Heading to Wimbledon on Tuesday evening? Here's what to expect from an away day in South West London...Tickets
Both seated and standing areas are completely sold out and tickets will not be on sale on the day for anywhere else in the ground.
So now a night game with a dodgy weather forecast at this hardly state of the art facility that is not the ideal venue for watching football in incelement conditions - well, at all if the truth be told. Let's accentuate ther positive however, the seated area behind the goal as you look at the pitch of not too bad, a clear view, a bit of room and relatively accessible. So far, so good. Meanwhile, however, over in the Rygas Stand where the majority of us will be situated, things are not quite so good. To say the view is a bit obscured would be an understatement, with only half of it covered, the terrace being very shallow indeed and the added fun of an area at the front that they don't like you using, despite the fact that this offers the best view. There is no concourse, just an open area behind the stand, our bit being to to the far right of the stand along the side of the pitch. The toilets are of the portakabin variety and far from spacious or indeed reliable. The entrance to the terrace is not via the main approach to the rest of the ground but a little further up Kingston Road, just follow the main stand then do a right when you get to the end of it.
Food and Refreshments
There is a very nice little food outlet in the away end with a bit of variety, but the emphasis is on little as it is right beside the turnstiles and enclosed by the toilets so the queues get merged by default. There are burger places outside the ground and amidst the small parade of shops just beside the main entrance that has a couple of places including Fat Boys Cafe. Nearby Kingston town centre has lots of nice eateries.
In terms of liquid refreshments, alcohol is not available inside the ground and the two bars at the ground will not be available to away fans. There isn't a great deal around the ground, probably the best choices are either The Watchman, a Wetherspoons near New Malden station or to go into Kingston, where there is a very nice Hungry Horse just over the road from the station, whilst there was a pleasant traditional ale House if you come out of the station and turn left. There is also an O'Neill's and a Wetherspoons called the Kings Tun. On the main London Road The Fighting Cocks and The Old Moat House are OK. Alternatively if you work in Central London Waterloo Station has a couple of nice bars and there are some decent pubs in the vicinity.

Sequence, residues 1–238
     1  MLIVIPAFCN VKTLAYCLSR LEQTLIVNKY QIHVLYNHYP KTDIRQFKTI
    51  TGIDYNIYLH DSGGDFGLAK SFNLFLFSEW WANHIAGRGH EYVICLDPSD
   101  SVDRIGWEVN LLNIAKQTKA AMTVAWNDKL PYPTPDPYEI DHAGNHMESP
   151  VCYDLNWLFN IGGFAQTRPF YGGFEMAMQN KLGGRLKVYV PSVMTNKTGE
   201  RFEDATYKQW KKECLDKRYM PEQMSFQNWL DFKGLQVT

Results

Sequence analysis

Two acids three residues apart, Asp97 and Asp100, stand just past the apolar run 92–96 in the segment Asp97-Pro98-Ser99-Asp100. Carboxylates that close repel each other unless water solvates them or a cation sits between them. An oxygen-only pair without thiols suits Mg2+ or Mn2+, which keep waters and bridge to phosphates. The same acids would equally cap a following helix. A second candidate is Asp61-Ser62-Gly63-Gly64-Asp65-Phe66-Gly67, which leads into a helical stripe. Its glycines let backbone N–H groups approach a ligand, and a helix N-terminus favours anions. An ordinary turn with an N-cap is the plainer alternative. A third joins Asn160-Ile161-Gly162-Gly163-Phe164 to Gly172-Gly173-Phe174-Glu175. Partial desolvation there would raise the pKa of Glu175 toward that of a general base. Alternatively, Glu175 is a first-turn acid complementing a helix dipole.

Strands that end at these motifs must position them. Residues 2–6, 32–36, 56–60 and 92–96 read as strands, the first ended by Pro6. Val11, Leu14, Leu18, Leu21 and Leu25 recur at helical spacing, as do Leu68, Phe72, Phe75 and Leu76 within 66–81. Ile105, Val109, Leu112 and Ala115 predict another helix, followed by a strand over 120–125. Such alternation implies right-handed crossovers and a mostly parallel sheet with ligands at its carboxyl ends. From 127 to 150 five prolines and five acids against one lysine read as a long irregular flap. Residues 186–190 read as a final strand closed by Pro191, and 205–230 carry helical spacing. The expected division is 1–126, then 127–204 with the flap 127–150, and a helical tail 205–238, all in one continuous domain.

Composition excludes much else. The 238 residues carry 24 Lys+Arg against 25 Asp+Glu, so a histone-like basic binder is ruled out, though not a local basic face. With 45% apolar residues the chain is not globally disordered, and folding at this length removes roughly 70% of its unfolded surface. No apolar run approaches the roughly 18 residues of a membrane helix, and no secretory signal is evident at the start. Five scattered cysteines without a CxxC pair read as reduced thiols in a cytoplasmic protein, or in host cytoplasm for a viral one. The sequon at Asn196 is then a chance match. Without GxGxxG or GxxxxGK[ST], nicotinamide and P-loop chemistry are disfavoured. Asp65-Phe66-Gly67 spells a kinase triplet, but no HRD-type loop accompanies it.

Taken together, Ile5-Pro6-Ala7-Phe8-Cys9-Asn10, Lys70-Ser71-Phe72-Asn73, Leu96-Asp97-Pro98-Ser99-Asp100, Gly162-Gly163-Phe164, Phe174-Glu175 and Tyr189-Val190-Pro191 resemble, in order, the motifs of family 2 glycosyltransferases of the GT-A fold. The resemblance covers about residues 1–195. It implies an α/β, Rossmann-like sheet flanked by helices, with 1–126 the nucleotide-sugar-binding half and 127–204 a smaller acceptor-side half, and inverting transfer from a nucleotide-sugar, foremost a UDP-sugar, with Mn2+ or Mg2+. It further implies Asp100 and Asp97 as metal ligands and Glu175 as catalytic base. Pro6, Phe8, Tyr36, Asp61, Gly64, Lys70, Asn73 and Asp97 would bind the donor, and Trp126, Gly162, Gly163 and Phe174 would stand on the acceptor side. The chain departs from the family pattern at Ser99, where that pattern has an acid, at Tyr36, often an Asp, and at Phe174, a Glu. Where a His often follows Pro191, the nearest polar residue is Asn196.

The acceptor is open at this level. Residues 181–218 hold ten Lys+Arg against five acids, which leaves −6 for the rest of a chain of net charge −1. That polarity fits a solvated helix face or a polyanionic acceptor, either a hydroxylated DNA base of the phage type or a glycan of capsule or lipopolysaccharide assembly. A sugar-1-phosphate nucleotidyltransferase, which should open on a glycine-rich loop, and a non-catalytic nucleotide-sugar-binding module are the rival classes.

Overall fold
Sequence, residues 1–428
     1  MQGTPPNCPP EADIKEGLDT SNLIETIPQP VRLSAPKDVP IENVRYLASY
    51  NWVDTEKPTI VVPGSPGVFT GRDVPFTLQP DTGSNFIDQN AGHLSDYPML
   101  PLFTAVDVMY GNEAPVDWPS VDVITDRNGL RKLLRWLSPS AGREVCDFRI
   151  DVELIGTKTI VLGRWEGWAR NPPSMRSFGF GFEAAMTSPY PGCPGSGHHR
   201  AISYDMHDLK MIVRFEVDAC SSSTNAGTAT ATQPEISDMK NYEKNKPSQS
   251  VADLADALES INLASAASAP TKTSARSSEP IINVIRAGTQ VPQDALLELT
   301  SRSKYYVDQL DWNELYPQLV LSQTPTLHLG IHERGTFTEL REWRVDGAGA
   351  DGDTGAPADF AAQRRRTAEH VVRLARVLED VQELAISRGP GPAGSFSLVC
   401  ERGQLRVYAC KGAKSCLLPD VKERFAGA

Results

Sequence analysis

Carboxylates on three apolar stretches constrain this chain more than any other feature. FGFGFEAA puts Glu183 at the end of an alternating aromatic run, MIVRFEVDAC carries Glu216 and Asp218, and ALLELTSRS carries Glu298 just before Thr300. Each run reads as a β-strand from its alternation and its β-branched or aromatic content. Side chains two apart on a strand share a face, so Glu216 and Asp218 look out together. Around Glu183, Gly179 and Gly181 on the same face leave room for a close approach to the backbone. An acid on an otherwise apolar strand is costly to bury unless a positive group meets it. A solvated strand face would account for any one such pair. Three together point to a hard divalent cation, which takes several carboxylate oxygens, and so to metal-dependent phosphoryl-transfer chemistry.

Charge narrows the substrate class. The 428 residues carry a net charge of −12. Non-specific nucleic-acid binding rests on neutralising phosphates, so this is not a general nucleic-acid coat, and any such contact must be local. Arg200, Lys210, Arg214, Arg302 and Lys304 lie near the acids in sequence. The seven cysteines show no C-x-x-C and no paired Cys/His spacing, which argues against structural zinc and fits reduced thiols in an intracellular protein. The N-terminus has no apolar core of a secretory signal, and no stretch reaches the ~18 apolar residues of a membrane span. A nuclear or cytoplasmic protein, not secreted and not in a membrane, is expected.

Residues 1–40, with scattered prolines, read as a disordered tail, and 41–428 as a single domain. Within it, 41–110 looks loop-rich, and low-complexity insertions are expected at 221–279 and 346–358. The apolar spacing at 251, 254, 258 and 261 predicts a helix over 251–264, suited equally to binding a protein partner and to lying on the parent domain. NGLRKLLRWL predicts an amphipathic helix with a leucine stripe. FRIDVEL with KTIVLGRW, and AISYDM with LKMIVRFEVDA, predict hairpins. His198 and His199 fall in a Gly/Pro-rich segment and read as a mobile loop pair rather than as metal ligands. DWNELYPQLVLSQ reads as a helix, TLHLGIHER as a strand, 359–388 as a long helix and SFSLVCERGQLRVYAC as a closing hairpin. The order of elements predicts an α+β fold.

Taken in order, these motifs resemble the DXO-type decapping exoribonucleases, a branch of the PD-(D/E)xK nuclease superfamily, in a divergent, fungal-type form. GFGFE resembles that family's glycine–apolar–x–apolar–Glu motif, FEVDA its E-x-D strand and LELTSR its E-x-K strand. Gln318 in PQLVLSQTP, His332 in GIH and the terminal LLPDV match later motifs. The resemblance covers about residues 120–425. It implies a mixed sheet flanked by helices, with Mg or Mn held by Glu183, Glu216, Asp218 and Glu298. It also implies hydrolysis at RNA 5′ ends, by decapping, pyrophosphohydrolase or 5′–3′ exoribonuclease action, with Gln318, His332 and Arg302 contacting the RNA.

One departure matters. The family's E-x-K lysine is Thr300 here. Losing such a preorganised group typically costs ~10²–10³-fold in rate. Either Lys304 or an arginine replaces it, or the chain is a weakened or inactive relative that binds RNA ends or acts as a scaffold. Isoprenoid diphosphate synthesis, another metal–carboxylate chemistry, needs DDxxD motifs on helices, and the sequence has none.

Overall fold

Not an easy one given the kick off time. Normally for London games, as ever, public transport is recommended, even if it the very last leg of the journey but If you are driving the Post Code KT1 3PB. Obviously people will have their own choice of route but it's probably best to aim for Kingston. There is a large one way system there, get onto that then depart onto the A308 (Richmond Road) towards the hospital. Turn right onto the A2043 (Cambridge Road) and the ground soon appears to the right. There is parking there, albeit minimal, so street parking seems to be the way forward, but as ever check the lamp posts.
Waterloo station. In the rush hour. An absolute delight. The closest station is Norbiton, although both New Malden and Kingston are only a couple of minutes either side. Trains should run from London Waterloo at 12, 27, 42 and 57 minutes past the hour and take 25 minutes. - there are also slow trains that stop everywhere and take the best part of an hour. On the way back it is 06, 20, 36 and 50 past the hour for the fast ones, with a couple of slowies thrown in for good measure. Trains do stop at Clapham Junction. It's a relatively simple walk, about 15 minutes or so. Leave Norbiton station at the rear exit and take the first left onto Norbiton Avenue. Follow this before taking a right onto Gloucester Road, then a left onto the main Cambridge Road and the ground soon pops up. The 131 bus stops right outside the ground, starting at Kingston then serving New Malden, Raynes Park, Wimbledon, Colliers Wood and Tooting, another one to have up the sleeve. Similarly, if the trains are, let's say subject to change the tube is an alternative, albeit convoluted, there are the options of an 83 bus from Putney, a 57 from Tooting or a 371 from Richmond into Kingston at the mercy of the traffic.